Howard Ragsdale, senior vice president of business development for Denver-based Air Methods and this year’s winner of the Airbus Helicopters Golden Hour Award, has spent most of his aviation career in air medical operations. Along with Archie Gray, senior vice president of aviation services, he is one of two long-time employees of Air Methods to receive an HAI Salute to Excellence Award this year. The “Golden Hour,” of course, refers to the period of time after a person has been severely injured during which, if given medical care, he or she has the greatest chance of survival.
Emergency medical services in the United States
Haiti Air Ambulance is partnering with Air Methods to bring helicopter EMS service to the poverty-stricken nation on a full-time basis for the first time. Beginning next month, two Air Methods Bell 407s–a primary and a dedicated back-up–will be based at a secure industrial park near the Haitian capital of Port-au-Prince and will be gearing up to fly two missions a day or about 700 hours per year.
Wichita’s EagleMed could lose its accreditation after it suffered its third accident in the past three years, the Sandy Springs, S.C.-based Commission on Accreditation of Medical Transport Systems (CAMTS) notified the company on June 13. The most recent crash occurred June 11 near the Choctaw Nation Health Care Center in Tulihina, Okla. A patient aboard the helicopter died after the accident, but details are still unclear as to whether the death was a direct result of the crash.
Contrary to the hopes of most French helicopter EMS operators, French doctors have issued a motion calling for the soon-to-be-mandatory second flight crewmember to be a trained paramedic. New rules at the European level will mandate such a second crewmember, for some operations, beginning in October next year.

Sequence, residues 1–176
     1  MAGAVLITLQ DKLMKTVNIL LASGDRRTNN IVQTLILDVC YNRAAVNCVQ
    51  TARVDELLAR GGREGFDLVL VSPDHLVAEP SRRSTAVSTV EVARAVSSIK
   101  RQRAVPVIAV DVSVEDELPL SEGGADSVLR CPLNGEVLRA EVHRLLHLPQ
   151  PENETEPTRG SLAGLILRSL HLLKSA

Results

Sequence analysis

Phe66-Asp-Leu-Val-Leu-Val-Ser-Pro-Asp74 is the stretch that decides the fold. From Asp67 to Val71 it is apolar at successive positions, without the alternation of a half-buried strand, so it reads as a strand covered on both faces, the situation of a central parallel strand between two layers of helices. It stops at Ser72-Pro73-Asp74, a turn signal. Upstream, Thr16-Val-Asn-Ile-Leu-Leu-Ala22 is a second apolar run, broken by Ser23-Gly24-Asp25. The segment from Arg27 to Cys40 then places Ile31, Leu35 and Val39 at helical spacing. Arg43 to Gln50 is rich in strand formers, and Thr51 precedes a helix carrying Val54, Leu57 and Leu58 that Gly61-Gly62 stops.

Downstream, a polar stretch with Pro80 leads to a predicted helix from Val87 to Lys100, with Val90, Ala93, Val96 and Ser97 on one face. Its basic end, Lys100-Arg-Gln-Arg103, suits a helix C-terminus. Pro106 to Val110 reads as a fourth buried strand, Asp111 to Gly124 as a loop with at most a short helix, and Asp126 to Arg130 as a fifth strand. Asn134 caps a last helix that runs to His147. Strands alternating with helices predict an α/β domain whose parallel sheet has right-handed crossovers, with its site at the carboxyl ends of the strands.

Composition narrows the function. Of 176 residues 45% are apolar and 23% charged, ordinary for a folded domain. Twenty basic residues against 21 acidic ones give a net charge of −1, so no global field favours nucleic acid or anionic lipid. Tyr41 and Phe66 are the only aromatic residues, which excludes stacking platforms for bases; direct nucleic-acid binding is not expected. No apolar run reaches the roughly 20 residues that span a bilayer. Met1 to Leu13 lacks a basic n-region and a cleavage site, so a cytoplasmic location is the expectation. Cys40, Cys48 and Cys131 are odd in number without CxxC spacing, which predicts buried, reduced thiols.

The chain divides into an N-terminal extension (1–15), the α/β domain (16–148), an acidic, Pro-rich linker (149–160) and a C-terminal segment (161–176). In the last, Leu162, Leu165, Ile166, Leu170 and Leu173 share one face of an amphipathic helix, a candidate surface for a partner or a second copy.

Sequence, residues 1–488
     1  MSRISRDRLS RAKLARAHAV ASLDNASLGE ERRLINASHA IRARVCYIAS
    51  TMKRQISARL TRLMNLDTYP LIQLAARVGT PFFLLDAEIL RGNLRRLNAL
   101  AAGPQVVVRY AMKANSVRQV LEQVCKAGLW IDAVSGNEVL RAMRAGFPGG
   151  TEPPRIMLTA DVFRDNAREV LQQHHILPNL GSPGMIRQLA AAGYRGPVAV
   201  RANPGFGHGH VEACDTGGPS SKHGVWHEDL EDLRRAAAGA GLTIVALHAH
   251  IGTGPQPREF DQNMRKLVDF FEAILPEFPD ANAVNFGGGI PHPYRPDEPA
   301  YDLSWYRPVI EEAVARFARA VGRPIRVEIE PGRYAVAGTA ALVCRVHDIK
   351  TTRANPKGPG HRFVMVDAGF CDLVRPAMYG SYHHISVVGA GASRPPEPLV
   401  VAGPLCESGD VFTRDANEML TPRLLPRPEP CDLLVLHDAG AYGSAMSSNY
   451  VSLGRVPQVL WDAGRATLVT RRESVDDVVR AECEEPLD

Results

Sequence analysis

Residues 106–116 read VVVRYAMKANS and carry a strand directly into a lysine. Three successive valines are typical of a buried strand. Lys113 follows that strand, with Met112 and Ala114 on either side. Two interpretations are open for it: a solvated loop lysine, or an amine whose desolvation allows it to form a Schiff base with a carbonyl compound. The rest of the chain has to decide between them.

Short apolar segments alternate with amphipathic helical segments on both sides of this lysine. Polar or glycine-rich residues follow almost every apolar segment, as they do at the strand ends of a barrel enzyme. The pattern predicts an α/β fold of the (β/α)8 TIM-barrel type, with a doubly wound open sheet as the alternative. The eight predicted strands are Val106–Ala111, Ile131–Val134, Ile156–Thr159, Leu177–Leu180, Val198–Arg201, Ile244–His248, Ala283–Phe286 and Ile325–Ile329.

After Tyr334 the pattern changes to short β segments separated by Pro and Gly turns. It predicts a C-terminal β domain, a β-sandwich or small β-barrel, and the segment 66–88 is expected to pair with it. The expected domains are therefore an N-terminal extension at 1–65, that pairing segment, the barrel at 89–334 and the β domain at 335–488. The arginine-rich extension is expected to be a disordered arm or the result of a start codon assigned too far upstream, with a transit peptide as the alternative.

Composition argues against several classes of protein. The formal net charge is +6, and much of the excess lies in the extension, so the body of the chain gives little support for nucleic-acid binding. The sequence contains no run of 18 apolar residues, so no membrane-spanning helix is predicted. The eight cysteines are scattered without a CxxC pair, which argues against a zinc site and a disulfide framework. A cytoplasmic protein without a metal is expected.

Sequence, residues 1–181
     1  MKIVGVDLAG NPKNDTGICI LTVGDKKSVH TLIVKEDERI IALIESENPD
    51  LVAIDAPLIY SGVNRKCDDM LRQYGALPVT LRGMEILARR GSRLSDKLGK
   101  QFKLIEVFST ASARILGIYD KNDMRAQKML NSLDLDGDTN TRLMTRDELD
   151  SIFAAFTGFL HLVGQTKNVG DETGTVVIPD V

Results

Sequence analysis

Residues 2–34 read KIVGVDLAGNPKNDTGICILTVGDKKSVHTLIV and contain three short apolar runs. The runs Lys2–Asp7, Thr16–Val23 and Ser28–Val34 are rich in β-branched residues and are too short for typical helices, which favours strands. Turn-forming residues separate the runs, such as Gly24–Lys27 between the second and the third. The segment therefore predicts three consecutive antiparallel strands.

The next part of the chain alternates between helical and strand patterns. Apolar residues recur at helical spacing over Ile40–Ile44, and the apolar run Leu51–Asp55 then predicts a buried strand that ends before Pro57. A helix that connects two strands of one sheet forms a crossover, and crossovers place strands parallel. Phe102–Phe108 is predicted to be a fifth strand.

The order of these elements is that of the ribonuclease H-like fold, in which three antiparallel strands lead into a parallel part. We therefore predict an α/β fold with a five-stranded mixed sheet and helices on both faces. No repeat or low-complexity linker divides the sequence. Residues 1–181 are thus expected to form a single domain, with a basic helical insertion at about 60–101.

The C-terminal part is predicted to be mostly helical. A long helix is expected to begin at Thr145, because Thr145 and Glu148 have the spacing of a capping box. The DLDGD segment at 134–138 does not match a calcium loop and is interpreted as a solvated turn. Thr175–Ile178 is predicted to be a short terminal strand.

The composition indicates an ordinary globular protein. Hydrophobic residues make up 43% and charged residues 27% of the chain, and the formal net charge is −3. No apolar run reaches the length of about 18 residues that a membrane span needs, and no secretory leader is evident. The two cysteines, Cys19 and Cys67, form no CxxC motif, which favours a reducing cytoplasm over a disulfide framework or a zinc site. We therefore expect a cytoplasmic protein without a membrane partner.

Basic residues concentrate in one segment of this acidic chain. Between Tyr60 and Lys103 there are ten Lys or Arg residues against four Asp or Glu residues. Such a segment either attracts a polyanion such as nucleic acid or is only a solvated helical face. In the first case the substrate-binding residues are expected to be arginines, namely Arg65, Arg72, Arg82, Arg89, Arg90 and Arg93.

The National EMS Pilots Association (Nemspa) is taking nominations for its 2012 pilot of the year. Nominations can be made at www.nemspa.org through September 1. The award will be presented at the Air Medical Transport Conference in Seattle this October.
Prompt access to air ambulances can significantly improve the survival odds of stroke patients, according to a recently released University of Pennsylvania School of Medicine study. The research found that 45 percent of Americans–135 million people–are more than an hour away from primary stroke centers, the facilities best equipped to care for them if they are stricken by the condition. Less than a quarter of U.S.
Nearly since the first U.S.-based emergency medical services (EMS) flight operation was performed in the early 1970s, controversy has swirled around the practice. In battlefield conditions, where the dangers were more clear cut and the issue nearly always one of life and death, questions on the efficacy and cost-effectiveness of EMS flights are rarely raised.
Since 1992 Medic’Air International of Paris has been providing medical assistance with air-ambulance flights and medical escorts on airlines worldwide. The company is an independent medical provider created by emergency physicians.
Boise, Idaho-based Aviation Specialties Unlimited has installed night-vision goggles in Reach Air Medical Services’ Agusta A109, Bell 407 and BO 105 fleet. Chief pilot Vicky Spediacci said that Reach, based at Santa Rosa, Calif., put its crews through an FAA-approved structured and specific training program provided by the equipment supplier.
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